The Civil War was a messy, confusing affair in Texas. For 8 unsuspecting men, it had murderous consequences. In the summer of 1863, 8 men and a boy headed south from Georgetown in Central Texas to Mexico. While we don’t know what their intentions were, others somehow knew they were carrying over $1000 dollars, which was a large amount in 19th-Century Texas. They were apprehended close to the frontier town of Hondo by a patrol of Confederate soldiers stationed at Camp Verde.
After some confused proceedings, the hapless souls were charged with “evading Confederate service” and then led to a tall oak tree to be hanged. Regardless of the justness of the charges, which were doubtful, a patrol had no authority to carry out a summary sentence without a proper trial. Certainly, acquiring the treasure was the motivation behind the shameful event. One man begged to be shot and was rewarded with a musket ramrod driven into his chest. Somehow, the boy escaped the hanging and disappeared from history. The men were buried below a common grave. No one was ever prosecuted for the crime.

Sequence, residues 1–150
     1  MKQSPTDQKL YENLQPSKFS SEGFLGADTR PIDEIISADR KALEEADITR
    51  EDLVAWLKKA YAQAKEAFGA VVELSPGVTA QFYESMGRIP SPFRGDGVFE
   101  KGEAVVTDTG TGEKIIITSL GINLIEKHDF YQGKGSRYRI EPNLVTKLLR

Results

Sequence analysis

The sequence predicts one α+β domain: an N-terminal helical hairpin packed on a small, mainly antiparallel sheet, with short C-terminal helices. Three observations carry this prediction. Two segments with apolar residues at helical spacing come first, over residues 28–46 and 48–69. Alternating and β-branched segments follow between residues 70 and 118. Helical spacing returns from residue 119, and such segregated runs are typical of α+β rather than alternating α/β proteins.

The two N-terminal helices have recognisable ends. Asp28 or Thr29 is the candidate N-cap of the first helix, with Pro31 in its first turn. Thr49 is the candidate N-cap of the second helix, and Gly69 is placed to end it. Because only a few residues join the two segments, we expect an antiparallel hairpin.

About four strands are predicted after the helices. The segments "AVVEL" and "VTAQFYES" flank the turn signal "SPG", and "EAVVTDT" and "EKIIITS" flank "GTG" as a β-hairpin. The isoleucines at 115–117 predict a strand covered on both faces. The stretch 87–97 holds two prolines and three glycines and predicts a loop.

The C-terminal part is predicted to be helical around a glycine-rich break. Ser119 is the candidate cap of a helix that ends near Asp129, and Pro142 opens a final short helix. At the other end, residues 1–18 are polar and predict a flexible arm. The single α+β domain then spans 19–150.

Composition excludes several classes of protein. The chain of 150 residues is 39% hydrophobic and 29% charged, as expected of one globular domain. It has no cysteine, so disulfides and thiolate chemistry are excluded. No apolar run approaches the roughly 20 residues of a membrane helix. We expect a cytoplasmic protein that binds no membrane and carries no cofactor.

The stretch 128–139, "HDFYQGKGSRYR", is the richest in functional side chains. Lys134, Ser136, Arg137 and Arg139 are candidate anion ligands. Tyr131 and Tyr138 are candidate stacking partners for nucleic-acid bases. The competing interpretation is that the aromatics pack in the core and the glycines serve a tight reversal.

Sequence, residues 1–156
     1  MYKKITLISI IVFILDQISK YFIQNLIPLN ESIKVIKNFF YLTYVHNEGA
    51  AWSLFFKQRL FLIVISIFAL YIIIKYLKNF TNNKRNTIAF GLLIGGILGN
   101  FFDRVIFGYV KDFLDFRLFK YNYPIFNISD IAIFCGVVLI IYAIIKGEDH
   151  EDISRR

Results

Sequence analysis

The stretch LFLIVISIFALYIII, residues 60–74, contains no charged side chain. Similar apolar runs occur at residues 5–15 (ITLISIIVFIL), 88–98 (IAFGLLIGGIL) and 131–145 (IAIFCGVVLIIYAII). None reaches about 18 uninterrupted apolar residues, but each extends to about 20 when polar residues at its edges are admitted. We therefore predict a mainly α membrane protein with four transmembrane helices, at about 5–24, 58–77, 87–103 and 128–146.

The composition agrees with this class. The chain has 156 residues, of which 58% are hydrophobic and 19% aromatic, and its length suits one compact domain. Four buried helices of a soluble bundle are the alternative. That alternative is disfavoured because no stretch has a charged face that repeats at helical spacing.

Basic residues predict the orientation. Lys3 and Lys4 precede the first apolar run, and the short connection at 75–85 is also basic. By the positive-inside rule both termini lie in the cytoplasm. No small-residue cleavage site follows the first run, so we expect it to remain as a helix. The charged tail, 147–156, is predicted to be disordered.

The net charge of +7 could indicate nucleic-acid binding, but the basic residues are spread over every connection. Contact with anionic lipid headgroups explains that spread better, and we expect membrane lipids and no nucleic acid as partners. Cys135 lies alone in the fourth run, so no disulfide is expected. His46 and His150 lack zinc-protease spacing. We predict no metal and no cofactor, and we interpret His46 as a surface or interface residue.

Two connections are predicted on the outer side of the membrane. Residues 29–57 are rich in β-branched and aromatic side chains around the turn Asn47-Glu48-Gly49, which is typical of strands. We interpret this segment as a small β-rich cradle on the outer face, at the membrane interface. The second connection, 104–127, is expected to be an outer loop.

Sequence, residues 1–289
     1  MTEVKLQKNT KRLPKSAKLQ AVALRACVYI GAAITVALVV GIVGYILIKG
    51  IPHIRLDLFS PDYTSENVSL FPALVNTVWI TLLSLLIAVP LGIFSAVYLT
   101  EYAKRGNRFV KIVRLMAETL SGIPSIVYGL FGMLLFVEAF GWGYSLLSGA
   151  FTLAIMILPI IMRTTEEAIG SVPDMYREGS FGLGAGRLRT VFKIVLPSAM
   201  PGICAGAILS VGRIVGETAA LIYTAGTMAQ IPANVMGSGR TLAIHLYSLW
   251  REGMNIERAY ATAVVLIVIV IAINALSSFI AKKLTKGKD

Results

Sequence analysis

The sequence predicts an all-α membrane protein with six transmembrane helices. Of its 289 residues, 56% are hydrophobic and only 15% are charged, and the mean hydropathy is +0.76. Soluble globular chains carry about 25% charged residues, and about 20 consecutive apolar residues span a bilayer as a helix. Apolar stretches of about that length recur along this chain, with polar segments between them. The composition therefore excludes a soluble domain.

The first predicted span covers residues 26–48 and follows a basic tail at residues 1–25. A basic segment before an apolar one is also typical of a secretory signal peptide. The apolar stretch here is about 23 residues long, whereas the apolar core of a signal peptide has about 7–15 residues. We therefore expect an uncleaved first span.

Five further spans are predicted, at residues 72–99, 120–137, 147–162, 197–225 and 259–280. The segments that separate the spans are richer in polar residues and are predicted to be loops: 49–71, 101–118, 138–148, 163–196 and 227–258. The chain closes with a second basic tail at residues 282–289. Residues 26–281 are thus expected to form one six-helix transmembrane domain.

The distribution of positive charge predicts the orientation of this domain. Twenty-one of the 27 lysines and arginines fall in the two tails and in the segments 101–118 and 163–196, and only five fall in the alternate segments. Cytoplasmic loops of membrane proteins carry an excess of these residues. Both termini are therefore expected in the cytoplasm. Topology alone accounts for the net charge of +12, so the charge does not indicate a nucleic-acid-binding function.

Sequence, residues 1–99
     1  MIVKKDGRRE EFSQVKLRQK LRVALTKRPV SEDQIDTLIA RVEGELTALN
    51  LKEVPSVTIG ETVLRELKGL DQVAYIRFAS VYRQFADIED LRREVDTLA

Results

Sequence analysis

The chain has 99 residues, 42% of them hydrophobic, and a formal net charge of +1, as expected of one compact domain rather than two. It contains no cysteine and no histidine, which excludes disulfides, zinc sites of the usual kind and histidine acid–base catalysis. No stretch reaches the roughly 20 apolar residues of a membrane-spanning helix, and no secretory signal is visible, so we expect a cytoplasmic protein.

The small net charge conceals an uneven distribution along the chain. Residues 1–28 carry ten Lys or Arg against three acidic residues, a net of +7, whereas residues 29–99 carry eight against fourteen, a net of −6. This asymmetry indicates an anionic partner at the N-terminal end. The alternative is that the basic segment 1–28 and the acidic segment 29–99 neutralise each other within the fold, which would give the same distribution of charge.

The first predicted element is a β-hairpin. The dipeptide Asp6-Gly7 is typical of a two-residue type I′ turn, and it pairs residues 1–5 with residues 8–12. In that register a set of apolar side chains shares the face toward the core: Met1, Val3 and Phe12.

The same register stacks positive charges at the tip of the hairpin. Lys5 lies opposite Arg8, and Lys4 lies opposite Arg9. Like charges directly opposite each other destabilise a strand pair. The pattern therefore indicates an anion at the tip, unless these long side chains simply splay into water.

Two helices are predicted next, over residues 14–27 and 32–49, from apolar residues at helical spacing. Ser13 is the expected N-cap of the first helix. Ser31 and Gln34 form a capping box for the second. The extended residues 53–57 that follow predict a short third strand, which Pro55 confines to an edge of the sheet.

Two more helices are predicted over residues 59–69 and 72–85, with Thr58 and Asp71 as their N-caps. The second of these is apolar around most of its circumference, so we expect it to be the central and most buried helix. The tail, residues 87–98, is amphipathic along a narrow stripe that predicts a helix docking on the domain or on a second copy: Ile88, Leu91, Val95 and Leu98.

150 years later, descendants of people involved in the hanging gathered on the Hanging Tree Ranch to remember the somber affair. Though the story is a sad one, there was a sense of pride, fellowship and community from people who can trace their history across the years in the Lone Star State. Speakers recalled the story, family lineage was remembered, and BBQ was served.
The Bandera Tragedy Tree was the first story in the original Famous Trees of Texas book. The story will certainly grace the opening of Volume 2 of Living Witness: Historic Trees of Texas.
History isn’t always pretty, but remembering it is always worthwhile.